When Sachie's predictions eventually prove accurate, she is soon ostracized as the other students avoid her out of fear, pushing Sachie into further depression. Noticing this, Miyuki approaches Sachie in an attempt to comfort her, but Sachie can only beckon Miyuki to follow her to an abandoned school building a short walk away. Though trying to dissuade Sachie, the two soon find themselves walking through a long narrow tunnel beneath the mountainside. In the midst of the tunnel Miyuki turns to see a large truck just moments before she screams to the sound of the truck's horn and screeching brakes. When Miyuki finally opens her eyes, neither the truck nor Sachie are anywhere to be found. She can only wonder if she did not somehow actually die in that moment.

When a larger group of girls eventually confront Sachie over her increasingly alarming predictions (such as her prediction Miyuki will die through dismemberment!!) Sachie promises them proof if they follow her to the abandoned school. This, of course, leads the entire group through the tunnel. Also in the group is Miyuki, who can't help but notice the bouquet of flowers laid at the roadside within the tunnel, apparently in memory of someone who had died there. This time, however, they all reach the creepy, abandoned school deep within the mountain forest. Once inside, they slowly follow Sachie down dark and creaking hallways, until she suddenly bolts down the hallway and into the girl's bathroom. After a bout of screaming and anger, our gang of girls then proceeds to find Sachie, opening one bathroom stall door, then another, and then they come to the third stall .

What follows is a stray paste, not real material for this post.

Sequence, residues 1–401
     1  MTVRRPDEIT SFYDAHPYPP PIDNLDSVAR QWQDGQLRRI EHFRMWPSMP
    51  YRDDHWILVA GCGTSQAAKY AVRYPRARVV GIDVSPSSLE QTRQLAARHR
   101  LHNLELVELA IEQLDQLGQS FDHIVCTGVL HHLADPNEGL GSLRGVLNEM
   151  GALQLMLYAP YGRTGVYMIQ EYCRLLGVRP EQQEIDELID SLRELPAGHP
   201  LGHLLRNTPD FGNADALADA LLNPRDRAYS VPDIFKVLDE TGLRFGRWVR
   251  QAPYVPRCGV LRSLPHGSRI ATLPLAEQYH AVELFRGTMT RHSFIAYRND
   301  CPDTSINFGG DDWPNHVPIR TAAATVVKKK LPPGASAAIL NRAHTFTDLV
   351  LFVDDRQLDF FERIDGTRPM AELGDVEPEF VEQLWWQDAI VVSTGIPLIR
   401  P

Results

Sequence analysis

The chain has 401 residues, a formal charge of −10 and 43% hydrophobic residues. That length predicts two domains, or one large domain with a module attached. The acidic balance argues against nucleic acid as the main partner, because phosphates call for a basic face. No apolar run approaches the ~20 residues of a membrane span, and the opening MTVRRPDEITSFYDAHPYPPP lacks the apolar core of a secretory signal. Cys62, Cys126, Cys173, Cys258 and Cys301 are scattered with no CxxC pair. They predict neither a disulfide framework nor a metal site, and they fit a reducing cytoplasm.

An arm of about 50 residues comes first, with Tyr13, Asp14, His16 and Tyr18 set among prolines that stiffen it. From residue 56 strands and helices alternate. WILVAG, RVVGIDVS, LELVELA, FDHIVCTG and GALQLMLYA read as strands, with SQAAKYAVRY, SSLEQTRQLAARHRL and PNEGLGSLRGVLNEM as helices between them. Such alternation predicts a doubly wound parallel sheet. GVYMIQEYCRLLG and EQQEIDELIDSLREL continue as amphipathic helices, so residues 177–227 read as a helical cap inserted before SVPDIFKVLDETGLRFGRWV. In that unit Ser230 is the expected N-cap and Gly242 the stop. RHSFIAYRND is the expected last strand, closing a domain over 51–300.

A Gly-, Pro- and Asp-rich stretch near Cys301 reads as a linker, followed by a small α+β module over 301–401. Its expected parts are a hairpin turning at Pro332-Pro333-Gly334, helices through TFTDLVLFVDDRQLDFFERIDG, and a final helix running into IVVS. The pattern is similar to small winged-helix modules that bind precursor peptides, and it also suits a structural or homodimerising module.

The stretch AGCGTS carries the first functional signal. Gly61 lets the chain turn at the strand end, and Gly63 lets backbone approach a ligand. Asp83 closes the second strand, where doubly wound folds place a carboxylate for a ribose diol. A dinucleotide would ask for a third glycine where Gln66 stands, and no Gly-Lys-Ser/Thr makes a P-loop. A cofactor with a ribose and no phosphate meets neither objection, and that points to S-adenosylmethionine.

This is a fun and mentally challenging ghost story, though well within the prescribed pattern of the many other Hanako-inspired films. Director Sasaki evokes some effective elements and content, some of which reminded me of the Ito Junji - inspired films Oshikiri (2000) and Shibito No Koiwazurai (2001). This film differs enough in content, cast and storyline from the first version to merit a side-by-side viewing.

It seems that all these school-aged ghost stories are in fact aimed at school-aged audiences, though they are polished enough to provide adults with some real entertainment value. This demographic aim (toward younger audiences) seems to require the typical children's story conclusion where "everyone lived happily ever after", and this is definitely the case here (and in every other film of this type I have seen). Thus the resolution comes across as a little too happy and a little too complete (for my tastes). Each of these films, however, is careful to leave the Hanako character unresolved and just as mysterious and creepy as when we enter the story, with perhaps the addition of the students' conviction that somehow Hanako is in fact not quite as malevolent as she first appeared.

Version reviewed: Unsubtitled VHS

cultural interest violence sex strangeness
Sequel to the original Hanako film. No violence, though Sachie's description of everyone's doom is rather graphic. Despite the boys' best efforts to peek into the window while the girls are getting their measurements taken, one yell by the school nurse scatters them in all directions. Adequately mind-bending and mysterious.